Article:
O’ Christmas Tree

As I mentioned yesterday, we stopped by Bob’s Tree Farm in Galway to cut down a fresh tree for Christmas this year!  Just like supporting our “eat local” farms, we wanted to support a local tree farm (there are tons around here).  Terri at Farm Life had a post the other day about local tree farms, so we picked one that was discussed from there.

I don’t feel bad about cutting down trees at tree farms, because they are planted just like a regular crop at a regular farm – it’s just that they are “harvested” every year around Christmas time.  In fact, Terri addressed 3 myths about artificial trees on her blog that she got from the National Christmas Tree Association:

MYTH #1:  Real Christmas Trees are cut down from forests.
BUSTED
:  Only a tiny percentage of trees come from forests.  Most come from a farm where growers plant one to three seedlings for each tree harvested.

MYTH #2: You save a tree by using an artificial tree
BUSTED:
Trees are a crop.  They’re planted by farmers to be used specifically as Christmas trees.  Artificial trees come in a cardboard box.  Does that save a tree?

MYTH #3: It’s better to use an artificial tree because you can reuse it each year.
BUSTED
:
Research shows that most artificial trees are only used six to nine years before they end up in a landfill.  Real trees are biodegradable and recyclable.  They can be used for mulch and erosion control.

Bob’s Trees is a pretty cool place.

It was established in 1949 and has over 30 miles of trails, so how many acres does that translate to?

We started off looking at some Douglas firs…

…but headed off into the Fraser fir section.  Their needles are short and stubbly and pretty cool:

K wanted to find the perfect tree and took off through field after field to find it.

Even some fallow ones.

While we walked along, we saw there was a small airstrip right next to the section we were walking through.

And all of sudden, something appeared in the sky.

Was that about to go right over us?

Yes, yes it was.  My camera lens doesn’t capture how close this plane was.

It landed right there. Pretty cool.  But K and I had just found our tree.

It wasn’t perfect, but it wasn’t a Charlie Brown tree either. K got took work chopping it down and we dragged it off to get baled.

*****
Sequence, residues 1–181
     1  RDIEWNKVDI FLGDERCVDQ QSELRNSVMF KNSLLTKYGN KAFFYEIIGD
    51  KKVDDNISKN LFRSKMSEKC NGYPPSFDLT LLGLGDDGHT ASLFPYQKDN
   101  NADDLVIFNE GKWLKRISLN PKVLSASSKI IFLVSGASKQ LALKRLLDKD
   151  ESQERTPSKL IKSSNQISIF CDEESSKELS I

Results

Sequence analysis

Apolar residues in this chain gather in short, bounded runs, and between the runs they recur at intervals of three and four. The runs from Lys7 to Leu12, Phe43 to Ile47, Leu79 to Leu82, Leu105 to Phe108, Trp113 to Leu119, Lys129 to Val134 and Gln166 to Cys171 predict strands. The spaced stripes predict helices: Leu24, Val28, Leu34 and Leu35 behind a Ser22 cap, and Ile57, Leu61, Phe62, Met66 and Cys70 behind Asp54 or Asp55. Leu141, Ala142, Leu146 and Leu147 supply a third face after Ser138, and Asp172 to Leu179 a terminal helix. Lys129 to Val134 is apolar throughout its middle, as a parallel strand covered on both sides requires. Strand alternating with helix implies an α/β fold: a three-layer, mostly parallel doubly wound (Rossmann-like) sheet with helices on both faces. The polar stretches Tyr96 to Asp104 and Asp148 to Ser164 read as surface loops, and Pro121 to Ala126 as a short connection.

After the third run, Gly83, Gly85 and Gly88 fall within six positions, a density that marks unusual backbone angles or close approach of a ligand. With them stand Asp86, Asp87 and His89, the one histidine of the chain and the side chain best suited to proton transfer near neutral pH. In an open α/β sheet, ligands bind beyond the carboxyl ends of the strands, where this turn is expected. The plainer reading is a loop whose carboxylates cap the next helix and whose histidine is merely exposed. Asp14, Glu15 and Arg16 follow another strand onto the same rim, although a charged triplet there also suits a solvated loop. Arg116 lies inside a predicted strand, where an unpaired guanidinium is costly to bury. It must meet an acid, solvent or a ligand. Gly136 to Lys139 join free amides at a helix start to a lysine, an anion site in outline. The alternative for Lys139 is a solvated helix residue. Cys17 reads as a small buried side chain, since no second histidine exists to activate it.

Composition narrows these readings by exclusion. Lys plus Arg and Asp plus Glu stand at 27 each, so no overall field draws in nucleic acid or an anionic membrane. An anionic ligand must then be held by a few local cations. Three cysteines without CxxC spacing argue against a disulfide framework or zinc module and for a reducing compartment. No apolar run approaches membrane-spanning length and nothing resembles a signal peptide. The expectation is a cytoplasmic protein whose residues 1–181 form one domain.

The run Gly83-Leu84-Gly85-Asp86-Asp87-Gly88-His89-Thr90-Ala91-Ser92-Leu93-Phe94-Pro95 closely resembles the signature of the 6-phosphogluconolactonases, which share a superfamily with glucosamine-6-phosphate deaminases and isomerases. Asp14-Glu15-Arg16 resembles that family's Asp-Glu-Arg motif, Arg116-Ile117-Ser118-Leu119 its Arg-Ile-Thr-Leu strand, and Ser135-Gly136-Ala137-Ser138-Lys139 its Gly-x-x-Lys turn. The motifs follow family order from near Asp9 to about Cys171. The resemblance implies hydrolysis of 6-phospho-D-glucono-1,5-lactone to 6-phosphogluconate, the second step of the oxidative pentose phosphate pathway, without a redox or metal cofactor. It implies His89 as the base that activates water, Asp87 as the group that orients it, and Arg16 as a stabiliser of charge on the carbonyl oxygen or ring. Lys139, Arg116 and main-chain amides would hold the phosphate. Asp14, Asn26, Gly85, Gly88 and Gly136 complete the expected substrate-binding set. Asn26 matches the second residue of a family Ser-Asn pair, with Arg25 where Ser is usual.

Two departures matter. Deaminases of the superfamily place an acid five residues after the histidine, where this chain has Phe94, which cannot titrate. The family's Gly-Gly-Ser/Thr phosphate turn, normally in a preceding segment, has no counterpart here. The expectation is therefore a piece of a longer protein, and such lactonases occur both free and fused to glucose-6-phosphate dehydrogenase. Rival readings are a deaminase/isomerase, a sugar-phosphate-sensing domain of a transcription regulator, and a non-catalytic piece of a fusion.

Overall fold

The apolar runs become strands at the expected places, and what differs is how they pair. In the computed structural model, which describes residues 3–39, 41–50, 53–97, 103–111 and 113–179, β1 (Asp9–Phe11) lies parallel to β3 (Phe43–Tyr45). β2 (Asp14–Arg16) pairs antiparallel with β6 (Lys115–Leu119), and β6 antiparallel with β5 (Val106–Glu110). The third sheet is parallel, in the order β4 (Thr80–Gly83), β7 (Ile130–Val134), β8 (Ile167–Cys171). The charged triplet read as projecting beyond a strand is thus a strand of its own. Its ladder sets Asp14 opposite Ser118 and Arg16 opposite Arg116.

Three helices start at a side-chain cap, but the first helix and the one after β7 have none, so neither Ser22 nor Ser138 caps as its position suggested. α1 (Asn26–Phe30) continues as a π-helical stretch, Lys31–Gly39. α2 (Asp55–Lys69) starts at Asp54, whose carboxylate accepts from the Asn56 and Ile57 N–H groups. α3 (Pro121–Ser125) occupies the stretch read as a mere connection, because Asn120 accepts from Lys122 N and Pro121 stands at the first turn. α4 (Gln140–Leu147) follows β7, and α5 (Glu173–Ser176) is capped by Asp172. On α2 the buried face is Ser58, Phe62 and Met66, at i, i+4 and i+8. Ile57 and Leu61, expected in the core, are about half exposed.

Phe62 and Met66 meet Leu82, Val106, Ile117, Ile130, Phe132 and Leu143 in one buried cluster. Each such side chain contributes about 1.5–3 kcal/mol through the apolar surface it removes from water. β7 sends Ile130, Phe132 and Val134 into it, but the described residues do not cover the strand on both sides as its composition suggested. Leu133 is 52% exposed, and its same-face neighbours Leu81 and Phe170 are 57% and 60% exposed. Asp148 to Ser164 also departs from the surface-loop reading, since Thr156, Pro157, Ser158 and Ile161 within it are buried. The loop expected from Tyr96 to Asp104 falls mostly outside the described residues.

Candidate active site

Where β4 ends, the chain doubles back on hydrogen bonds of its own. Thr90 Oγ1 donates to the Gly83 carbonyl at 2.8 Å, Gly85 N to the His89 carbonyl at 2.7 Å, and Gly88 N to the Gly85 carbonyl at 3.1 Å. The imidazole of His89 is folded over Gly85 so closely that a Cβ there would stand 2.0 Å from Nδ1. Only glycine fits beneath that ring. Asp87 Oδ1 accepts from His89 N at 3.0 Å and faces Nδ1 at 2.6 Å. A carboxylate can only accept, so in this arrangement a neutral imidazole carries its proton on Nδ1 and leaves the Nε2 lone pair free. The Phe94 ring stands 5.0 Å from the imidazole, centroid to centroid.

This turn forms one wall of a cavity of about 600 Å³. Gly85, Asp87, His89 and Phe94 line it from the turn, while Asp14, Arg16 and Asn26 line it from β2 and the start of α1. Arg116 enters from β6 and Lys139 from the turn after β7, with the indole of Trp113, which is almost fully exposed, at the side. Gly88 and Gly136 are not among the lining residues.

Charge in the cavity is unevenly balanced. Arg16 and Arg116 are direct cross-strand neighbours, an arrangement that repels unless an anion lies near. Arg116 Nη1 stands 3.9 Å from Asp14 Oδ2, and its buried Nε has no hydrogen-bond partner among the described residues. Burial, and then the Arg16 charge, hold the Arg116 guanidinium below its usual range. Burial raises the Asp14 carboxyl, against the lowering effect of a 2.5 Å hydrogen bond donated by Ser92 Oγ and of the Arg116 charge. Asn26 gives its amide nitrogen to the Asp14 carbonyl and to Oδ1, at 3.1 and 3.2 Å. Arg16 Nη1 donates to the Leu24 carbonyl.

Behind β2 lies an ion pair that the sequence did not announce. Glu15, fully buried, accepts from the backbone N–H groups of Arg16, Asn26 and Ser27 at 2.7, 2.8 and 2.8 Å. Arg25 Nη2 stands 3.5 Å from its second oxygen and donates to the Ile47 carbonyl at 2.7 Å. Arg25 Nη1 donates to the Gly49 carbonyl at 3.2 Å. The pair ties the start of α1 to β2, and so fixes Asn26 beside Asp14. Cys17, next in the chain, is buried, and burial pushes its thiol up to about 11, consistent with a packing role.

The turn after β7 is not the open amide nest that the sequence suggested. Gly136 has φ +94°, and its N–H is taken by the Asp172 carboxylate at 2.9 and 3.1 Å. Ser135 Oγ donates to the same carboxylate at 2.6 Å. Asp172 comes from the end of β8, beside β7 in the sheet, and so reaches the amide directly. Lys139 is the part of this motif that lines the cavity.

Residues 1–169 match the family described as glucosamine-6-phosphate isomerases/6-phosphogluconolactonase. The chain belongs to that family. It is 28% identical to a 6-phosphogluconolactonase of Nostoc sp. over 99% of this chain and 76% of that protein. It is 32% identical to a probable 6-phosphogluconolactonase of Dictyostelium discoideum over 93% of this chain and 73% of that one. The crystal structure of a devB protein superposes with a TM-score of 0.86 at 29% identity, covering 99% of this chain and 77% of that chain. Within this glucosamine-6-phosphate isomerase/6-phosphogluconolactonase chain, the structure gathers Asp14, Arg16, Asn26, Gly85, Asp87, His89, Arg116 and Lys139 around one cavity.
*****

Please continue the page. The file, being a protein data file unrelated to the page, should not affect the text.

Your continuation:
We set it up in the tree stand to let it suck down some water, but haven’t decorated it yet.  The living room smells so woodsy though! Can’t wait to get some time to string lights and decorate now!

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7 Responses

  1. I am back in Oregon right now visiting my family and it’s so nice to be able to see the x-mas tree fields and watch people get their own. It’s such a cool and fun tradition. It just isn’t possible in Australia where I normally live. I love little hits of memories..and x-mas trees is one of them.

  2. I think that would be so fun to go to a Christmas tree farm 🙂

    We have an artificial tree, so I think the best ‘green’ choice for us is to continue to use what we have.

    That is a great point though that trees are crops!

  3. Looks like a lot of fun! 🙂

    You’ll have to post more pics when you get it all decorated.

  4. Fraser firs are my absolute fave! You’re so lucky that your Xmas tree farm actually grows them Tragically the Fraser’s for sale at the tree farm we’re hitting up this week are shipped in (heck it was that way @ the farm I grew up going to)…hmm do we cut our own or go with my fave? Choices choices.

  5. I love the smell of trees. And thanks for those myths. I think it’s better to think about them as crop because they aren’t planted to be forests.

  6. […] 2009 by Chelle I don’t think I ever took a pic of our Christmas Tree, after we cut it down a few weeks ago.  Here it is, sans flash. I’m still trying to figure out how to take manual pics – […]

  7. […] don’t think I ever took a pic of our Christmas Tree, after we cut it down a few weeks ago.  Here it is, sans flash. I’m still trying to figure out how to take manual pics – […]

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